What is 4-H All Stars?
Tennessee
4-H All Stars is the second level in the Tennessee 4-H recogntion program for outstanding 4-H members. Through active participation in their 4-H clubs, 4-H'ers in 7th-12th grades can earn points to become members of the 4-H Honor Club. Once they complete the 8th grade, Honor Club members may apply for membership in 4-H All Stars. Membership in All Stars is based on SERVICE, which is the All Star motto.
 
4-H All Stars have many opportunities for service, leadership, and FUN! Whether participating in county service learning projects, attending regional conferences, or serving as a regional or state officer, members learn about themselves as they serve others. The opportunities are limitless. As a speaker at the 1965 All Star Conference said, "All Stars have a golden opportunity to serve. It's a matter of how you want to serve and where you want to serve." 


History
The 4-H All Stars program was started in West Virginia in 1920 by Mr. William "Teepi" Kendrick, the State 4-H Club Leader. The organization then spread to other states. According to "The Torch," a 1956 publication by the West Virginia 4-H All Stars, "During the summer of 1948, Tennessee 4-H Club members organized two All Star Chapters. The Western District consecrated 23 members and the Central District 42. This came about through the interest and work of Paul Rose, Virginia All Star and Club Specialist of Tennessee. [Two] Virginia All Stars went to Tennessee to help with organizing the first chapter. Tennesse now has five districts set up with officers in each district."

 

Tennessee held its first State All Star Conference on August 20, 1949. Following this conference, the All Stars completed a formal constitution, which stated that the organization would be known as the District Chapter of the 4-H All Stars and would be associated with the 4-H development program of the Agricultural Extension Service. At this time, not every district had an All Stars chapter, so the group decided not to elect state officers. However, in the 1950s the district Big Chiefs formed a State All Star Council. In 1955, District Scribes were added to the State Council and the first state officers were elected. The state officers included Big Chief, Lesser Chief, Scribe, Newsletter Editor, Scout, and Medicine Person.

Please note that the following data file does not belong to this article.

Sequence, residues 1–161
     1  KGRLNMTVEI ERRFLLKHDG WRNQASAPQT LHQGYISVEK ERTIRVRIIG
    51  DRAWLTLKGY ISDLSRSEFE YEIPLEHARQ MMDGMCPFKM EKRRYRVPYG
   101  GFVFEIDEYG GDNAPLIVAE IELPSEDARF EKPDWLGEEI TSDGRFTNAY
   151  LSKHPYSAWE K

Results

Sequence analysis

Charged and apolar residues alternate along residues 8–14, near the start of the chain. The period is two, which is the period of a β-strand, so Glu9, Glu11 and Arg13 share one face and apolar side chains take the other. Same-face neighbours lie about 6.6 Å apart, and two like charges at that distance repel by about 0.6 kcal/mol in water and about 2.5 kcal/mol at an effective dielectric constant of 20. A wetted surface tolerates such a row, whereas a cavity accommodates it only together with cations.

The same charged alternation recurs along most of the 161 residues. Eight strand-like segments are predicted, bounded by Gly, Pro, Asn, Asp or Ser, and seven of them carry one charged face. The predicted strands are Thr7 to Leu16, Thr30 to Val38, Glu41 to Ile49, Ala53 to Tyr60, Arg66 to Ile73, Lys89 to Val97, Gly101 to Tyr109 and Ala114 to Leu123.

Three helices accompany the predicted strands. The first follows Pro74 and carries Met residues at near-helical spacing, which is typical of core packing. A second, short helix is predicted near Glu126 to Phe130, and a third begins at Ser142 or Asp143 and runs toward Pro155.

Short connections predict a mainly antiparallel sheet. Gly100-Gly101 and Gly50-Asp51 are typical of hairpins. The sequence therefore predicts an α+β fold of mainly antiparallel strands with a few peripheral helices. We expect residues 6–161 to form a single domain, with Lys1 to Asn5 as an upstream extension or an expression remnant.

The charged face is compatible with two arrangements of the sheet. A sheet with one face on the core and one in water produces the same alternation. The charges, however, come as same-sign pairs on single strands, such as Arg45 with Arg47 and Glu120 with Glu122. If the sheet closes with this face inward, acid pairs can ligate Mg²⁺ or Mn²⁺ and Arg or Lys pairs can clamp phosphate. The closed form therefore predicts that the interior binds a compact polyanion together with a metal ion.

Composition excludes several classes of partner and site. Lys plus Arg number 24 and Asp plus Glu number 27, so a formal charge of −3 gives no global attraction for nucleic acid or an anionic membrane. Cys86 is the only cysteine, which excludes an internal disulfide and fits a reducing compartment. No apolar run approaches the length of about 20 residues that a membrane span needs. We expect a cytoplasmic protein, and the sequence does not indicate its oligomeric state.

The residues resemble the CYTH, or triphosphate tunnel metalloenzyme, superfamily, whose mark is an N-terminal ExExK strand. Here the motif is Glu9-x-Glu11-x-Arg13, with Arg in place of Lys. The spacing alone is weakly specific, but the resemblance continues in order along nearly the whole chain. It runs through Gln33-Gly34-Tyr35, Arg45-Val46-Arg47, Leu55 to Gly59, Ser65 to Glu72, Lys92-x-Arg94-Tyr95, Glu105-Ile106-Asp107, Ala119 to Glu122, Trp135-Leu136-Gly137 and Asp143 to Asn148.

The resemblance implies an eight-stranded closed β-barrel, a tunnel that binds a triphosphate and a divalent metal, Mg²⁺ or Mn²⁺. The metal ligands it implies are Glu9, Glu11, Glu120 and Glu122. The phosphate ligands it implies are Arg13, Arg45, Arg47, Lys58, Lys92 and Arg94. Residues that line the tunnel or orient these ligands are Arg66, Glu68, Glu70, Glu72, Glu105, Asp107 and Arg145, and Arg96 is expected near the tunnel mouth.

The organization has changed and adapted over the years to best represent the young people of Tennessee. However, the core values have remained the same. From the very beginning of the organization, 4-H All Stars have sought to be of service to their community. An early All Stars leader in Maryland said, "No greater attainment can be achieved by the 4-H Club member than to so conduct his life that he will enter into All Star activities. The desire to get ahead of the other fellow will get a candidate nowhere. Club members will not try to down others, but will try to raise themselves. Our great 4-H Club motto, 'To Make the Best Better,' is in its greatest degree exemplified by the 4-H development of one who has been selected for membership in the All Stars."